Thursday, October 30, 2014 19:31 [Daily Archive]

English Hurriyet English
Turkish army says PKK death toll rises to 230
Turkey declined to give Iraq a timetable for withdrawal of troops fighting PKK on Wednesday, while Turkish army announced that 77 more PKK militants were killed, taking the death toll to 230 since the operation launched last week.

Turkish army says PKK death toll rises to 230

Turkish army said in a statement five more Turkish troops were killed in heavy fighting. Turkey's fatalities now rose to 24. It described the Tuesday night's operation as "the most extensive one since the beginning of the cross-border land operation". Its forces had hit 475 new targets, including shelters, anti-aircraft facilities, training bases and command centers, it added. On Wednesday Turkish warplanes are bombing hide-outs of PKK terrorists in mountainous area in Siladze region to neutralize terrorists and destroy the organization's infrastructure in the region, the official Anatolian Agency reported.    

AP reported more than 40 military trucks ferried hundreds of commandos toward the Iraqi border in better weather, a day after heavy snow slowed down Turkeys offensive and F-16 warplanes were seen flying over the border town of Cukurca toward Iraq, while helicopters brought dozens of troops to a base on the outskirts of the town. Some helicopters also headed toward Iraq.                                           

A Turkish diplomatic delegation led by Prime Ministry Chief Adviser, Ahmet Davutoglu, met Iraqi Foreign Minister Hoshyar Zebari in Baghdad on Wednesday over Turkish military's ground operation in Iraq's north. "Our objective is clear, our mission is clear and there is no timetable until...those terrorist bases are eliminated," Ahmet Davutoglu told a news conference after talks in Baghdad with Zebari, adding the incursion will be "limited". "We condemn the terrorists and the PKK, but we also condemn the violations of the sovereignty of Iraq at the same time and we have to be very clear on that," Zebari said. Iraq has demanded an immediate end to the cross-border operation.

Turkey has launched last week a ground operation to curb the PKK's, considered as terrorist organization by Turkey, the U.S. and the E.U., ability to attack Turkish targets from hideouts on the Iraqi side of the border last week. It is the first confirmed Turkish military ground operation in Iraq since the U.S.-led invasion that toppled Saddam Hussein in 2003. Turkey has assured Iraq that the operation would be limited to attacks on PKK. 230 PKK militants were killed, while the total death toll among Turkish troops reached 24 since the incursion began Thursday.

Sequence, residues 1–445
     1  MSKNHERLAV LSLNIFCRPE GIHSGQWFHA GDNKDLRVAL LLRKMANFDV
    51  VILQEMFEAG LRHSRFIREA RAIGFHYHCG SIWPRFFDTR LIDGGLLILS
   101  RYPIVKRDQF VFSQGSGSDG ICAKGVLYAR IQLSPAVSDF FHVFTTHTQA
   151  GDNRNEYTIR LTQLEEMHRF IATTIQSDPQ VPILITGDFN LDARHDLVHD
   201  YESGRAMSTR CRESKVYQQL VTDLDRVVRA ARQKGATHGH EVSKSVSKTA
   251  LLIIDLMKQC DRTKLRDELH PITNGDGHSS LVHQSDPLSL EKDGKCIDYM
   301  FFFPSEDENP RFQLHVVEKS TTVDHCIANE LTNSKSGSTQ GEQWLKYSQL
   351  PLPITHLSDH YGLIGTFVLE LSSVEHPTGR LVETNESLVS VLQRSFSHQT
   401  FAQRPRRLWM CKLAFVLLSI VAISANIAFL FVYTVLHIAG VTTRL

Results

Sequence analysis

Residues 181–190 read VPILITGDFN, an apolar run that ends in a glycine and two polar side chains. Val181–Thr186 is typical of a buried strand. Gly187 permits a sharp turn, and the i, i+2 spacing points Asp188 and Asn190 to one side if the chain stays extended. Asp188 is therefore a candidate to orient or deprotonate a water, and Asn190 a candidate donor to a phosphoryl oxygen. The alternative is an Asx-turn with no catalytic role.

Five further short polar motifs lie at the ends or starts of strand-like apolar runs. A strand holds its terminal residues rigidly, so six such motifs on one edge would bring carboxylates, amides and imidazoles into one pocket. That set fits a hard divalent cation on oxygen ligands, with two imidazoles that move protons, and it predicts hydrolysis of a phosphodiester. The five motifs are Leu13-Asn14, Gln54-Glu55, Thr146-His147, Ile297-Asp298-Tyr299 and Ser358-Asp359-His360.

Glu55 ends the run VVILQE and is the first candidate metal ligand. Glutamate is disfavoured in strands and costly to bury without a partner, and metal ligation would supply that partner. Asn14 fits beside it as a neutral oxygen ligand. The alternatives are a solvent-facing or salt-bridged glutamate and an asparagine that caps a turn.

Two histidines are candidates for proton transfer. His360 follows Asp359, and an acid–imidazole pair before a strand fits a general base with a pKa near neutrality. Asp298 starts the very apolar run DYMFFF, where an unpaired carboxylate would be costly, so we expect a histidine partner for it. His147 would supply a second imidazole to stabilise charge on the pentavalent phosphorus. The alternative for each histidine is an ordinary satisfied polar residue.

Turkish television said between 3,000 and 10,000 soldiers had entered Iraq, but several Iraqi officials and a military source with U.S.-led coalition forces in Baghdad said only a few hundred troops were involved. Turkish General Staff or the government hasn't officially specified the size of the operation, but they repeat it will continue "until the goals are reached".                                                                    

CLOSURE OF BASES                                                                                          

The regional Iraqi Kurdish Parliament had an extraordinary session in the northern Iraqi city of Arbil on Tuesday to discuss Turkeys ongoing offensive against the PKK in northern Iraq. It demanded the closure of Turkish bases that have been inside Iraqi territory for more than a decade

In a written statement released following the meeting, which had been led by deputy speaker Kemal Kerkuki, the regional parliament urged the Turkish military to withdraw from Iraqi soil immediately, saying that the operation has been harming the Iraqi civilians living near the border between Iraq and Turkey.

"Turkey has had two units on this soil since 1996. We want the government to send these two units away. Let them return to Turkey as soon as possible," Kerkuki added. About 1,200 Turkish soldiers are stationed at a base in Bamerne, which is a remnant from the last major Turkish incursion into northern Iraq in the mid-1990s.     

 

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